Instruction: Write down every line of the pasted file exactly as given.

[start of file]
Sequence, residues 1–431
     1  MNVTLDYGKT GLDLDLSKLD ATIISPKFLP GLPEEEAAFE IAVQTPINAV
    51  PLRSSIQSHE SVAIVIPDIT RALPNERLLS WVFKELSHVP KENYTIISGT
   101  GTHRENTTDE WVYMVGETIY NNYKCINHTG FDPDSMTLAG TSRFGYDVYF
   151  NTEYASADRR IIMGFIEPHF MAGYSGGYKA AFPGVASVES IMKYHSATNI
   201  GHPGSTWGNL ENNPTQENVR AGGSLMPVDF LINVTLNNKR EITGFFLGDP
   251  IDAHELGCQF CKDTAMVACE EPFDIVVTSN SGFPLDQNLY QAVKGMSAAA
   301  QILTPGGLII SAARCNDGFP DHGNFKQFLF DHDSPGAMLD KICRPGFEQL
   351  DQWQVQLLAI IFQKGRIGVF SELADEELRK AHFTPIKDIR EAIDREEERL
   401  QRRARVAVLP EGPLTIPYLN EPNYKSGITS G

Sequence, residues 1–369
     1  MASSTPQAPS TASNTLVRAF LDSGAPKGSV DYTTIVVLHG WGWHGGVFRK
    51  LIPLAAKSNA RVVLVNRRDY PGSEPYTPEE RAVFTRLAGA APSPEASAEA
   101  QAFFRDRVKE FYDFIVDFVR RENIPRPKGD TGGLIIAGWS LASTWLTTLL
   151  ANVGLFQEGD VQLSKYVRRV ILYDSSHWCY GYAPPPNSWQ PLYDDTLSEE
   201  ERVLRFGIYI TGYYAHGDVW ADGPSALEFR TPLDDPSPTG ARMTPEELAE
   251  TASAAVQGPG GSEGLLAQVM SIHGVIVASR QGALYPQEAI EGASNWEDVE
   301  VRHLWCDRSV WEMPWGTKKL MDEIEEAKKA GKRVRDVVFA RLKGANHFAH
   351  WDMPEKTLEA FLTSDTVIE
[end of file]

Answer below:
Sequence, residues 1–431
     1  MNVTLDYGKT GLDLDLSKLD ATIISPKFLP GLPEEEAAFE IAVQTPINAV
    51  PLRSSIQSHE SVAIVIPDIT RALPNERLLS WVFKELSHVP KENYTIISGT
   101  GTHRENTTDE WVYMVGETIY NNYKCINHTG FDPDSMTLAG TSRFGYDVYF
   151  NTEYASADRR IIMGFIEPHF MAGYSGGYKA AFPGVASVES IMKYHSATNI
   201  GHPGSTWGNL ENNPTQENVR AGGSLMPVDF LINVTLNNKR EITGFFLGDP
   251  IDAHELGCQF CKDTAMVACE EPFDIVVTSN SGFPLDQNLY QAVKGMSAAA
   301  QILTPGGLII SAARCNDGFP DHGNFKQFLF DHDSPGAMLD KICRPGFEQL
   351  DQWQVQLLAI IFQKGRIGVF SELADEELRK AHFTPIKDIR EAIDREEERL
   401  QRRARVAVLP EGPLTIPYLN EPNYKSGITS G

Sequence, residues 1–369
     1  MASSTPQAPS TASNTLVRAF LDSGAPKGSV DYTTIVVLHG WGWHGGVFRK
    51  LIPLAAKSNA RVVLVNRRDY PGSEPYTPEE RAVFTRLAGA APSPEASAEA
   101  QAFFRDRVKE FYDFIVDFVR RENIPRPKGD TGGLIIAGWS LASTWLTTLL
   151  ANVGLFQEGD VQLSKYVRRV ILYDSSHWCY GYAPPPNSWQ PLYDDTLSEE
   201  ERVLRFGIYI TGYYAHGDVW ADGPSALEFR TPLDDPSPTG ARMTPEELAE
   251  TASAAVQGPG GSEGLLAQVM SIHGVIVASR QGALYPQEAI EGASNWEDVE
   301  VRHLWCDRSV WEMPWGTKKL MDEIEEAKKA GKRVRDVVFA RLKGANHFAH
   351  WDMPEKTLEA FLTSDTVIE